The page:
February 15, 2018 12:09 am
Updated: February 15, 2018 1:43 pm

BC Ferries rolling out flexible fares with time-of-day and seasonal discounts within 1.5 years

Some ferry passengers are set to get a big break on fares ahead of the busy summer season. Jordan Armstrong has the details.


BC Ferries is on the cusp of introducing a new fare system that would include time-of-day and seasonal discounts in an effort to “return fares to customers,” company CEO Mark Collins said Wednesday.

In a speech delivered to the Greater Nanaimo Chamber of Commerce, Collins said BC Ferries is set to introduce a new website, app and reservation system that will be “considerably more flexible.”

Coverage of BC Ferries on Globalnews.ca:

Flexible fares on BC Ferries would work similar to how rates do for air and train travel.

Applying only to major routes, and not to inter-island travel, flexible fares would allow customers to choose different rate levels — some would allow them to change their reservations with 20 minutes to go before sailing time.

Say you’re a business traveller, and you’re not sure what traffic is going to look like on your way to the terminals in Horseshoe Bay or Tsawwassen.

Before you even arrive at the terminal, you’ll be able to use the BC Ferries app and change your reservation with no extra fees or charges, so long as you paid for that service.

“Other cost-conscious travellers will say, hey, I’ve got more certainty in my travel, I want absolutely the lowest fare,” Collins said.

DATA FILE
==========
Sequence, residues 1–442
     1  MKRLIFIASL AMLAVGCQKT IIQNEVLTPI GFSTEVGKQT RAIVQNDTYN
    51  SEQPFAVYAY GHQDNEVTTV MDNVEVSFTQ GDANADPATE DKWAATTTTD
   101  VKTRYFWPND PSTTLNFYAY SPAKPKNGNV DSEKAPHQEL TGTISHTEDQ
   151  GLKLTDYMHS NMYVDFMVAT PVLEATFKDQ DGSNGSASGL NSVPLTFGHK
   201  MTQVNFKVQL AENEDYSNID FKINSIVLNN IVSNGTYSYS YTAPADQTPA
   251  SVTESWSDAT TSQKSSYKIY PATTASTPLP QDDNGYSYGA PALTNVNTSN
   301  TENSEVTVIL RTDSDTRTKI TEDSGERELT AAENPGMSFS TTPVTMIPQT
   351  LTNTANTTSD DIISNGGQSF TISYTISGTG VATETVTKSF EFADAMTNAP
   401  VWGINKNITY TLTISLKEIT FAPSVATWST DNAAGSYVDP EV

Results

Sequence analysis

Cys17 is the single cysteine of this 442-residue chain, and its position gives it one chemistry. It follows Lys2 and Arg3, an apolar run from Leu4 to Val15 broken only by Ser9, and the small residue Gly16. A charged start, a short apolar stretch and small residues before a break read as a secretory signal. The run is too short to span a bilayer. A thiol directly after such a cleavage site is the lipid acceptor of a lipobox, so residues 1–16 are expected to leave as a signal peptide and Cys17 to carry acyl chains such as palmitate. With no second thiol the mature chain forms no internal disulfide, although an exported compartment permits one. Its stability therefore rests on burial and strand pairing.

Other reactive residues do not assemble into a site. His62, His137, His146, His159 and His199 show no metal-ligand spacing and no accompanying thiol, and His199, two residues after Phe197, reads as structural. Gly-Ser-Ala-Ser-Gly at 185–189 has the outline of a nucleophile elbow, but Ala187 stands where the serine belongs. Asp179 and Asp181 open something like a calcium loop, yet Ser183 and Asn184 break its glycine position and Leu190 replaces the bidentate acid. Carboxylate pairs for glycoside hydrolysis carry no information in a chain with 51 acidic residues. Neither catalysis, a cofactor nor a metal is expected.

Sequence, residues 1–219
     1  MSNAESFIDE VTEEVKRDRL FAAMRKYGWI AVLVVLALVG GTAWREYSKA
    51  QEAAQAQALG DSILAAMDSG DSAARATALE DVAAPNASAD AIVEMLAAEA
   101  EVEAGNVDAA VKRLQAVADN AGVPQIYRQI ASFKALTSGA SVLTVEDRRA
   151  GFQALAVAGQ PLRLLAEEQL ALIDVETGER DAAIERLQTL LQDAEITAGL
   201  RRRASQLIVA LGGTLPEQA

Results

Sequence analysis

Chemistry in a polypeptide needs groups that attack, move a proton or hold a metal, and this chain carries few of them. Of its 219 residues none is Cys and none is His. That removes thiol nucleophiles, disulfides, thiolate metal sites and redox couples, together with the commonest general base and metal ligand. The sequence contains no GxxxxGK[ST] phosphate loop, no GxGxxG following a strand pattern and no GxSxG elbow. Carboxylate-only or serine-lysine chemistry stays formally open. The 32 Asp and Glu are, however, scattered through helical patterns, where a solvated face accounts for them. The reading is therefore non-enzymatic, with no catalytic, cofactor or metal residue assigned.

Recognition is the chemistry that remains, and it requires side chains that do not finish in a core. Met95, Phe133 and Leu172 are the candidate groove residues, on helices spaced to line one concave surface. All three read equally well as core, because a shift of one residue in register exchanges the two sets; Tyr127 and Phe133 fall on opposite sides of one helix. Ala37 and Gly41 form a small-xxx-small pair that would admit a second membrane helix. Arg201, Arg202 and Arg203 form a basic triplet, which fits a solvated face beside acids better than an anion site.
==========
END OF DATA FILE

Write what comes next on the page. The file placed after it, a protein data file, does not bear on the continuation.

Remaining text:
“You get a lower fare but you get less flexibility.”

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Collins estimated that flexible fares would be rolled out over the course of 12 to 18 months.

BC Ferries’ new website, however, could arrive as soon as November or December.

READ MORE: Horseshoe Bay terminal getting $250M makeover

In the past five years, Collins said BC Ferries has spent close to $400-million on IT, but added that the changes haven’t been customer-facing yet.

He said it’s taking time to roll out because the company want to make sure everything works correctly.

“For me, a disaster looks like rolling it out, oops, something’s wrong, pulling it all back,” Collins said.

“We’re not into the Phoenix pay system here. We’re into when it goes out, I want you to be happy from day one going whoa, this is great stuff.”

In his speech, Collins noted that BC Ferries has frozen fares for the last two years.

He also noted a provincial government commitment that ferry fares are set to go down starting April 1.

Fares are set to drop by 15 per cent on smaller routes and held flat on major ones.

“I welcome that, and I’m sure ferry riders will welcome that too,” Collins said.

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